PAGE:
Weekend Musing: Rise in Consumerism Culture

(1 million naira drunk at a sitting)

By Uche Nworah

As far as Christmas and New Year homecoming, festivities and celebrations go, Anambra state perhaps is the undisputed state of enjoyment due to the influx into the state, of hundreds of thousands, perhaps millions of Ndi Anambra living outside Anambra state, their friends, in-laws, associates and well wishers.

House to house, village to village, community to community, Anambra state during the last Christmas and New Year celebrations was one unending party and carnival. From house warming, Ovala, Ofala, Igu-Aro, Chieftaincy, burial ceremonies, Nze, Ozo, Iyom and other traditional title taking ceremonies, to age grade and other cultural activities, it was an unending carnival of colour, joy and merriment.

In such an ‘enjoyment’ atmosphere state-wide, you can guess the greatest beneficiaries; hotels, bars and lounges, food and drinks sellers, canopy and tent rental companies, MCs, musicians, ‘beggars’ and others that operate in the events sector.

This musing is about a noticeable trend, a rise in consumerism culture, especially at category A premium Anambra events.

The acquired taste for exotic drinks, especially binging on select exotic spirits and champagne while not only an Anambra affair surely raises some food for thought.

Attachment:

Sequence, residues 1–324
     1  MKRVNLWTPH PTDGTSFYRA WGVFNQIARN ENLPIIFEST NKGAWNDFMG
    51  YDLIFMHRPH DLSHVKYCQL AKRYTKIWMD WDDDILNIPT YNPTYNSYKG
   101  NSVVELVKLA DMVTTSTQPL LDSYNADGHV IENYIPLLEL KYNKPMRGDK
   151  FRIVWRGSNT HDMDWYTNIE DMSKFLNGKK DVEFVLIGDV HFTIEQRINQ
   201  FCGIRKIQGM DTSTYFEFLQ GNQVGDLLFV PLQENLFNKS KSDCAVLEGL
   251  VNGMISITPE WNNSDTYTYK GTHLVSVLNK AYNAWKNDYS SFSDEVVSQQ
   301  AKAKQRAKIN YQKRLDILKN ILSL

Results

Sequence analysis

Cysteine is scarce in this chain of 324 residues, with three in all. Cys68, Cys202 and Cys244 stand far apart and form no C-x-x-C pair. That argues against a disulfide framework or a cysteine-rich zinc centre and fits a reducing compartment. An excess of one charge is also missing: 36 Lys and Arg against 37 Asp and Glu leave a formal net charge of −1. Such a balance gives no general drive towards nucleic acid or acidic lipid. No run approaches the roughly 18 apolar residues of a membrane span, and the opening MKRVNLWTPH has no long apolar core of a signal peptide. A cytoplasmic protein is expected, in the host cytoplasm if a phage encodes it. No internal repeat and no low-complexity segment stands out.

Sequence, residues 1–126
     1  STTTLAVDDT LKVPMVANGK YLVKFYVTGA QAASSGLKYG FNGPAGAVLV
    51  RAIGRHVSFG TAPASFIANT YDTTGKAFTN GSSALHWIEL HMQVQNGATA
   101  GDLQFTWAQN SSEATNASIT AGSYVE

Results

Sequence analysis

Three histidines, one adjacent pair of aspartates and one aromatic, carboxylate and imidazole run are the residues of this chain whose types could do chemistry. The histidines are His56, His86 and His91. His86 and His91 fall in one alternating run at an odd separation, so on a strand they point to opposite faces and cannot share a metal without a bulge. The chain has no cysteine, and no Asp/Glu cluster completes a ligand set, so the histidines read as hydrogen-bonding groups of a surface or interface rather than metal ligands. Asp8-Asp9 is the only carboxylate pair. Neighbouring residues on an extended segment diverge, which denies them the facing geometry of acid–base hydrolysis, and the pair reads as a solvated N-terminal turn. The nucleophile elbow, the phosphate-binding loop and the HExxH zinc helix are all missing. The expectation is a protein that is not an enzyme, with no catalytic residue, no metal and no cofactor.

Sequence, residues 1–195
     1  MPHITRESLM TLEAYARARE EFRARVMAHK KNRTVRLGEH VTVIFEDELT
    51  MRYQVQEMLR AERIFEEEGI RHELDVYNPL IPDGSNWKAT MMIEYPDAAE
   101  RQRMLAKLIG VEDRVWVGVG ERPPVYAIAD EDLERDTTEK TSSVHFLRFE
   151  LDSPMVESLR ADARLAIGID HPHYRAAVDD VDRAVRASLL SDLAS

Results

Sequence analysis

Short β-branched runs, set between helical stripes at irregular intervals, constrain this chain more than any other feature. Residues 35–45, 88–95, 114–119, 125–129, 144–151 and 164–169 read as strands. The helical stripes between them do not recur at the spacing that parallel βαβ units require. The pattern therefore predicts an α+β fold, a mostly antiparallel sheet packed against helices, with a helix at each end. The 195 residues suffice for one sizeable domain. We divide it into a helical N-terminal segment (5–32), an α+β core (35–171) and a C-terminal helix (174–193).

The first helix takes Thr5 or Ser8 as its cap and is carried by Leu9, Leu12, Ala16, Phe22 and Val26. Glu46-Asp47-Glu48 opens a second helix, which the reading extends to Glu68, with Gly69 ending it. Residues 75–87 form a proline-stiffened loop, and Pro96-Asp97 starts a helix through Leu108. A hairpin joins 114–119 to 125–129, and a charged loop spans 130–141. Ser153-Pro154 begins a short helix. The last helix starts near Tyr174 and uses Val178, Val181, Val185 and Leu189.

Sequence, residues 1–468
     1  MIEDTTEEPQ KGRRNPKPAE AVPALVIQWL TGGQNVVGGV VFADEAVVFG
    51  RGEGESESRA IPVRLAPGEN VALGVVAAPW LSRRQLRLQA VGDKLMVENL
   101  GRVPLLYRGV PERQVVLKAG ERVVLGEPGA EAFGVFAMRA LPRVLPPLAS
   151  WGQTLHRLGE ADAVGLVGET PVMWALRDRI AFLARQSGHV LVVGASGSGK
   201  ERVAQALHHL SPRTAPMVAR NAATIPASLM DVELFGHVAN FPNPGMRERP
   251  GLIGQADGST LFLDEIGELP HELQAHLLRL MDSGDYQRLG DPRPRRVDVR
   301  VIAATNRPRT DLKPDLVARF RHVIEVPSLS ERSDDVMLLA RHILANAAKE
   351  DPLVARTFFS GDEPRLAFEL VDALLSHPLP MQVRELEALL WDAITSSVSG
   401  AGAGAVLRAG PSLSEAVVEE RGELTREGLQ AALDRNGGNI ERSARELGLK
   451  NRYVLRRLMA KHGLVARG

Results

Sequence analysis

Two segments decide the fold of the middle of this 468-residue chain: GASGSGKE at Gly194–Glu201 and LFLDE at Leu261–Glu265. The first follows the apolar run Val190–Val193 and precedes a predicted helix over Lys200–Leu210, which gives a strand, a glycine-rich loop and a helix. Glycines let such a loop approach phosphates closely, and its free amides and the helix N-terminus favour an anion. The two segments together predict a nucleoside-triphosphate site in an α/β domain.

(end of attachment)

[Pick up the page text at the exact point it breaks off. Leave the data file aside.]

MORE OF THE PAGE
I don’t know if other South East Nigerian states binge on spirits, champagne and choice drinks the way Ndi Anambra do.

Over time, the choice in brands have changed. Brandy has given way to preference for Whiskeys, the favourite brand now being Glenfiddich. Those in the know, and with means now make a big show of offering their guests
the choicest. Also premium champagne brands such as Crystal and Dom Perignon are also on offer, in large quantities.

Over the Christmas holiday, I sat at a table with some friends at an event and the host served only Glenfiddish 26 years. Our table alone was served 3 of it. With a bottle retailing for N350,000, our table had consumed over a million Naira worth of drinks, and counting.

What’s fuelling this culture, and how sustainable is it? Not that the importers and franchise owners of these drinks will mind though.

There could be a revenue window here for the state government, some kind of alcohol consumption tax like they do in Lagos.

Some food, or rather, drink for thought.

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